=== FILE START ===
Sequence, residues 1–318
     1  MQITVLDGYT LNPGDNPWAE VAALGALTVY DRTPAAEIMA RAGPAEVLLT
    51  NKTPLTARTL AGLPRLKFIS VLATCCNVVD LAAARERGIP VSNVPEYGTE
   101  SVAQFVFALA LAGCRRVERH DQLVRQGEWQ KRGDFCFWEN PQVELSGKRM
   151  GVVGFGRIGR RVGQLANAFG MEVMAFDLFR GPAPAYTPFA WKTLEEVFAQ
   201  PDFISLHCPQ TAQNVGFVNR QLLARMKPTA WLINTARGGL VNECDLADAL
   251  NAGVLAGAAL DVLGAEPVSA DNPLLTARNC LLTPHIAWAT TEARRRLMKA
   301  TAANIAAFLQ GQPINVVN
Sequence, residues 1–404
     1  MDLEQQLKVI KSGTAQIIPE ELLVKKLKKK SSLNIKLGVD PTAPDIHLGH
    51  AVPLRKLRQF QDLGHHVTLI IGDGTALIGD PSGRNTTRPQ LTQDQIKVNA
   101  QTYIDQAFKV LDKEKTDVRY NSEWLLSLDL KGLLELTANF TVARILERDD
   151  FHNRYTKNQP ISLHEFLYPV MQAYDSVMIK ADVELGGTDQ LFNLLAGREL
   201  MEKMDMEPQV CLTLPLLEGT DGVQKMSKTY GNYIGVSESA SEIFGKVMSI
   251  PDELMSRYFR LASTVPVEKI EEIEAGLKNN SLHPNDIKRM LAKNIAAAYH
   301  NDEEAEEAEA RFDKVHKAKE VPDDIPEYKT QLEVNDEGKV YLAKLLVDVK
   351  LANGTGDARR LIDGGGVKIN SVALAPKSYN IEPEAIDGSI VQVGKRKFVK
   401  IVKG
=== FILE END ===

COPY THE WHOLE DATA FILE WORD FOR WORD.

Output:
Sequence, residues 1–318
     1  MQITVLDGYT LNPGDNPWAE VAALGALTVY DRTPAAEIMA RAGPAEVLLT
    51  NKTPLTARTL AGLPRLKFIS VLATCCNVVD LAAARERGIP VSNVPEYGTE
   101  SVAQFVFALA LAGCRRVERH DQLVRQGEWQ KRGDFCFWEN PQVELSGKRM
   151  GVVGFGRIGR RVGQLANAFG MEVMAFDLFR GPAPAYTPFA WKTLEEVFAQ
   201  PDFISLHCPQ TAQNVGFVNR QLLARMKPTA WLINTARGGL VNECDLADAL
   251  NAGVLAGAAL DVLGAEPVSA DNPLLTARNC LLTPHIAWAT TEARRRLMKA
   301  TAANIAAFLQ GQPINVVN
Sequence, residues 1–404
     1  MDLEQQLKVI KSGTAQIIPE ELLVKKLKKK SSLNIKLGVD PTAPDIHLGH
    51  AVPLRKLRQF QDLGHHVTLI IGDGTALIGD PSGRNTTRPQ LTQDQIKVNA
   101  QTYIDQAFKV LDKEKTDVRY NSEWLLSLDL KGLLELTANF TVARILERDD
   151  FHNRYTKNQP ISLHEFLYPV MQAYDSVMIK ADVELGGTDQ LFNLLAGREL
   201  MEKMDMEPQV CLTLPLLEGT DGVQKMSKTY GNYIGVSESA SEIFGKVMSI
   251  PDELMSRYFR LASTVPVEKI EEIEAGLKNN SLHPNDIKRM LAKNIAAAYH
   301  NDEEAEEAEA RFDKVHKAKE VPDDIPEYKT QLEVNDEGKV YLAKLLVDVK
   351  LANGTGDARR LIDGGGVKIN SVALAPKSYN IEPEAIDGSI VQVGKRKFVK
   401  IVKG